More people means more people to feed, which strains food availability. As a result, food shortages are common in developing countries with quickly growing populations. They cannot feed their expanding population despite their efforts to raise agricultural output.

There are two effects on the growth of the economy from food scarcity. First, a lack of food results in undernutrition, which lowers productivity. It further reduces the workers' capacity to produce. Second, food scarcity requires countries to buy grains, which unnecessarily depletes their foreign exchange reserves.

  • Generating Non-biodegradable waste.

We are now battling to process the non-biodegradable waste that we are producing. It usually ends up in a landfill, contributing to harmful issues like methane emissions.

  • Increase Pollution

More people will produce more air, water, and land pollution. Numerous health problems, including asthma and cancer, are linked to higher pollution levels. The pollutants also harm animals and vegetation.

  • Threat to Natural Habitat

As there is a growing need for houses and farming due to an increasing population, there will be a greater threat to natural ecosystems. As a result, there will be more pressure to clear forests to make room for agriculture and habitation.

  • Disturbance in Emergency Situation

Cities with a high population density frequently have traffic problems. One of the drawbacks of the population is that locations with heavy traffic might be hard to access for emergency vehicles like fire engines and ambulances.

Emergency services are required when there is an accident or another natural disaster.

  • Infections Outbreaks

The World Health Organization (WHO) asserts that areas with high population densities may see fewer disease outbreaks and lower infection rates. It is much simpler for germs and viruses to move from person to person when so many people live close to one another.

The Covid-19 pandemic provides a clearer explanation for why cities with large densities of people saw greater incidences of viral infection-related fatalities.

  • Effect on climate

The consequences of climate change will also be seen because of rising greenhouse gas emissions, a major cause of global warming. As the population continues to increase, more damage is being done to our ecosystem.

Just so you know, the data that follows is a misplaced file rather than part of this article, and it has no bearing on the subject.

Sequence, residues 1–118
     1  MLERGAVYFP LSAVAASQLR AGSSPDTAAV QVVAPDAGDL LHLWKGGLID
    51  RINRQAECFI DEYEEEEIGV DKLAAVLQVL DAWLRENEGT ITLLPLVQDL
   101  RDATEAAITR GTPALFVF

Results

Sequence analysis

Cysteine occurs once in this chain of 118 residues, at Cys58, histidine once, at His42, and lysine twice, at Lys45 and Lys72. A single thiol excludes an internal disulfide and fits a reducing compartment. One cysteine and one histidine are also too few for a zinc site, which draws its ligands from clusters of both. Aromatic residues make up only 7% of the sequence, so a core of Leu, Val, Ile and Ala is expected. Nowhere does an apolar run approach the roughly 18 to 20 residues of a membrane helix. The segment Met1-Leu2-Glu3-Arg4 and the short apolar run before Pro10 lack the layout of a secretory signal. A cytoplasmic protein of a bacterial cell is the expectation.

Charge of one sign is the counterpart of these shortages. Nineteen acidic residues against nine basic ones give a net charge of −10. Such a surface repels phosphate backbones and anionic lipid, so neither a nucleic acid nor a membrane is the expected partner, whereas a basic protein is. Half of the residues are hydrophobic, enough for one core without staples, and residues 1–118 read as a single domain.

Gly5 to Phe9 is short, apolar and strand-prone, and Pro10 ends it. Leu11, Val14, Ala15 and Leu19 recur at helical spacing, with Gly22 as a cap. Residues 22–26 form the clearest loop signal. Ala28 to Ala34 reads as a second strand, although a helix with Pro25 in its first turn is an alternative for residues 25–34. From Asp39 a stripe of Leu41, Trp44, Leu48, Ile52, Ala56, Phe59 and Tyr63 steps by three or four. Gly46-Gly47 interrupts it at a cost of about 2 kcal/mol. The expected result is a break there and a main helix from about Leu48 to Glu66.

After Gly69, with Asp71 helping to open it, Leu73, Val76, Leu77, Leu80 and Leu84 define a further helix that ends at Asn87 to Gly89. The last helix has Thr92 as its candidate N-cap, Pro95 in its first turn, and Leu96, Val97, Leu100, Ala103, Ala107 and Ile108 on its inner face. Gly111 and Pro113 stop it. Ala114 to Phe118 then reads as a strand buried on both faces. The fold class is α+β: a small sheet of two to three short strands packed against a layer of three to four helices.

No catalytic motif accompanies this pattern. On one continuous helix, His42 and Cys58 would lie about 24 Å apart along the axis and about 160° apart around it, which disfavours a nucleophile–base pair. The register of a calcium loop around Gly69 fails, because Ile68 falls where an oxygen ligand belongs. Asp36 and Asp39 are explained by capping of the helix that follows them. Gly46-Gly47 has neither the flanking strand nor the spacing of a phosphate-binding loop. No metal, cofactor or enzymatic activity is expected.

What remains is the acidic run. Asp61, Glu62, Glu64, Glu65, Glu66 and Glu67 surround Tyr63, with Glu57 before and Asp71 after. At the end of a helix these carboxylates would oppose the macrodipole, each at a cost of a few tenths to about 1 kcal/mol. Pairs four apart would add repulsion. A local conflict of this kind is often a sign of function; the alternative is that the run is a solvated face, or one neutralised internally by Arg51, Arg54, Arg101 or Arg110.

The ecosystem is under stress due to human consumption and population density, which has reduced biodiversity and increased greenhouse gas emissions from processes like dairy production.

  • Water Shortage

The pressure that a growing population will place on limited water resources contributes to many small and large wars as nations struggle to solve the water crisis.

  • Capital production declines as the population grow

To boost capital production, developing countries manage the population composition. Due to the high birth rate & short life expectancy, these countries have comparatively high dependency rates. Rapid population growth in emerging countries reduces the quantity of capital accessible per person, which lowers the workforce's productivity. As a result, their income decreases, and they are less able to save money, negatively affecting capital formation.

  • A large population exacerbates unemployment.

A fast-expanding population means that a sizable number of individuals will join the labor force, many of whom may be unable to find employment. The number of job seekers is increasing so quickly in developing countries that it will be difficult to employ everyone despite all attempts to promote planned growth. These countries frequently experience underemployment, unemployment, and covert employment. The rapid increase in the global population makes it practically impossible for economically developing nations to address their unemployment issues.

  • Low Quality of Life

Most Indians have a poor quality of life due to the country's rapidly expanding population. According to Human Development Report, low quality of life is demonstrated by a lack of knowledge due to illiteracy, a lack of economic security due to the number of people without access to health care and clean water, and a high proportion of children under the age of five who are severely underweight.

The Conclusion

The population is a complicated subject with benefits and drawbacks. Even though population density might be a sign of economic expansion, it has other negative environmental effects, including a lack of fresh water. It might boost economies and industries while also encouraging greater innovation. Additionally, it can put food, property, and other limited resources like water at risk.

The advantages and disadvantages of how big or small the population should be for a country are fully explained in this article.